To assess the performance of models in representing spatial characteristics of precipitation, we use Taylor diagrams to combine the results of spatial correlation coefficient and spatial variability for daily (Fig. 9) and hourly precipitation (Fig. 10). For daily precipitation we show results for mean precipitation only, since for other indices the conclusion does not differ between daily and hourly precipitation.

Fig. 9
figure 9

Spatial Taylor diagrams exploring the multi-model mean performance with respect to the spatial variability of mean seasonal daily precipitation over the three regions—Switzerland, France, and Italy. The diagrams combine the spatial correlation (cos(azimuth angle)) and the ratio of spatial variability (radius). Red circles indicate results obtained from a 3-km multi-model mean, while blue circles indicate results obtained from a 12-km multi-models mean

Fig. 10
figure 10

Spatial Taylor diagrams exploring the multi-model mean performance with respect to the spatial variability of seasonal hourly precipitation. The performance is explored for hourly precipitation (first column) frequency, (middle column) intensity and (last column) heavy hourly precipitation defined as 99.9th percentile over the three regions—Switzerland, France, and Italy. The diagrams combine the spatial correlation (cos(azimuth angle)) and the ratio of spatial variability (radius). Red circles indicate results obtained from a 3-km multi-model mean, while blue circles indicate results obtained from a 12-km multi-models mean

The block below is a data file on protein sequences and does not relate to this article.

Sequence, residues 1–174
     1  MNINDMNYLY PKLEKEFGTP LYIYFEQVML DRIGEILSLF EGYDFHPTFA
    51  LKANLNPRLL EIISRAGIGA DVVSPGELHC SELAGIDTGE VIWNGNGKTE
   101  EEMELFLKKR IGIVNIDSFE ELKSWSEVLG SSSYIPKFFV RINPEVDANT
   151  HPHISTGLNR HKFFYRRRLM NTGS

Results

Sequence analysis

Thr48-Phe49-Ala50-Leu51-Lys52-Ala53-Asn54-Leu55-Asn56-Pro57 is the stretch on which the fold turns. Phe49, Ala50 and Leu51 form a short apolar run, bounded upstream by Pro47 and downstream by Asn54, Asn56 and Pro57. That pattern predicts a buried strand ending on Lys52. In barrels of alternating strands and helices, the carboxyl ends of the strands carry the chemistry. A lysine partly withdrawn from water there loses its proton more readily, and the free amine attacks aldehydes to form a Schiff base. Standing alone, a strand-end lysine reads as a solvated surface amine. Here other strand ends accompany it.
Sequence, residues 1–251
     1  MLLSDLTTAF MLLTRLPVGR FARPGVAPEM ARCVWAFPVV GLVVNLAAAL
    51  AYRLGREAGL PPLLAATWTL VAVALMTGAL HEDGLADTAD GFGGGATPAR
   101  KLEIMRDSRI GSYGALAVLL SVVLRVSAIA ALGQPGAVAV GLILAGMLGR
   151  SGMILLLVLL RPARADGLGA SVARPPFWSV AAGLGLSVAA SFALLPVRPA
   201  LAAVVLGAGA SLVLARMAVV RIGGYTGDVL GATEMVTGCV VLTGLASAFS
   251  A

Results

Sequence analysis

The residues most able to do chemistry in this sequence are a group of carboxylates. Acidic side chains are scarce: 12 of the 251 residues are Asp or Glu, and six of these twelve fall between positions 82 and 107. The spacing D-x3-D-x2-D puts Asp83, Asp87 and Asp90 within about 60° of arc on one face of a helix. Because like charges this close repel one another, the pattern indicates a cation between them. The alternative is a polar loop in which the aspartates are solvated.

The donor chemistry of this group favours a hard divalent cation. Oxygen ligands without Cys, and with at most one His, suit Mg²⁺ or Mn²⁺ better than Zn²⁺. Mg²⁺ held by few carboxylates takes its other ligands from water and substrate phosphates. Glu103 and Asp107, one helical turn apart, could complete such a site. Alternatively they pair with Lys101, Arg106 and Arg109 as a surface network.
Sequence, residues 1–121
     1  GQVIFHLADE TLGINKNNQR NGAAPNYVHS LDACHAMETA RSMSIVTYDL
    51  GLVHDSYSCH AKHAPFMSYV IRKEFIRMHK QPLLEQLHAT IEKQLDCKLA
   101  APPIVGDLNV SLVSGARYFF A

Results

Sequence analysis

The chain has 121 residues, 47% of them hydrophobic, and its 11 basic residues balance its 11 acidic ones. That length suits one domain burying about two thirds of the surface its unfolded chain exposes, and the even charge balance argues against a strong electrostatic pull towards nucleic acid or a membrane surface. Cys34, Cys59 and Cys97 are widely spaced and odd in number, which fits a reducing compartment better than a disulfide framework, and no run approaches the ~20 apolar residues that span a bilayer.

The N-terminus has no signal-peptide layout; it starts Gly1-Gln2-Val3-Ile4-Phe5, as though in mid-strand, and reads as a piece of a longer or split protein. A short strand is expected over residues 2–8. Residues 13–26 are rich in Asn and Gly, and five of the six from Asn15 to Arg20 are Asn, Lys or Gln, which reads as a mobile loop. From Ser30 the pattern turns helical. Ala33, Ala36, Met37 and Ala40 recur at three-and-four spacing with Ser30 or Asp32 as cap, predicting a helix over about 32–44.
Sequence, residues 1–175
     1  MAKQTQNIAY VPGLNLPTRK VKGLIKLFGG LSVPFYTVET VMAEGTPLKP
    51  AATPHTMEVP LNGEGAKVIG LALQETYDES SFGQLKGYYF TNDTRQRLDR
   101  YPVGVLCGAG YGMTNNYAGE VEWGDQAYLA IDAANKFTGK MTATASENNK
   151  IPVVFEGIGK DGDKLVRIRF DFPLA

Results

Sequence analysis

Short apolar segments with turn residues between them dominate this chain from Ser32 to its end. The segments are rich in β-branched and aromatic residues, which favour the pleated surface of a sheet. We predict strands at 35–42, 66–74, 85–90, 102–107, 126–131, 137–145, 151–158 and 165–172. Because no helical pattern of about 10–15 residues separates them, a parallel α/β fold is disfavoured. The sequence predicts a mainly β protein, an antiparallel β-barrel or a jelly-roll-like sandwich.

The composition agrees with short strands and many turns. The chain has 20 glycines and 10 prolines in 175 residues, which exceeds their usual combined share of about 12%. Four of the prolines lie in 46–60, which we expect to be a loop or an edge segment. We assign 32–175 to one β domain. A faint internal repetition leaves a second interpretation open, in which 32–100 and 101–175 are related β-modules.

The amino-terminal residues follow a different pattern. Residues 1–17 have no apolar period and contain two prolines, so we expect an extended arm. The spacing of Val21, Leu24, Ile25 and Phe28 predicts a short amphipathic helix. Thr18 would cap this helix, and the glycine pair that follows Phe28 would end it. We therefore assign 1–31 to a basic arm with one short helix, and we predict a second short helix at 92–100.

Fig. 11
figure 11

Diurnal cycle of mean precipitation, wet-hour frequency and heavy precipitation defined as 99th percentile for each hour averaged over Switzerland (leftmost panels), France (middle panels) and Italy (rightmost panels). Black line denotes the observations from Wüest et al. (2010) for Switzerland, Fumière et al. (2020) for France and Fantini (2019) for Italy. Thick red and blue lines denote the ensemble mean of the high-resolution 3 km RCM simulation and coarse-resolution 12 km RCM simulation, respectively. Thin red and blue lines denote individual model realizations in the right column of each section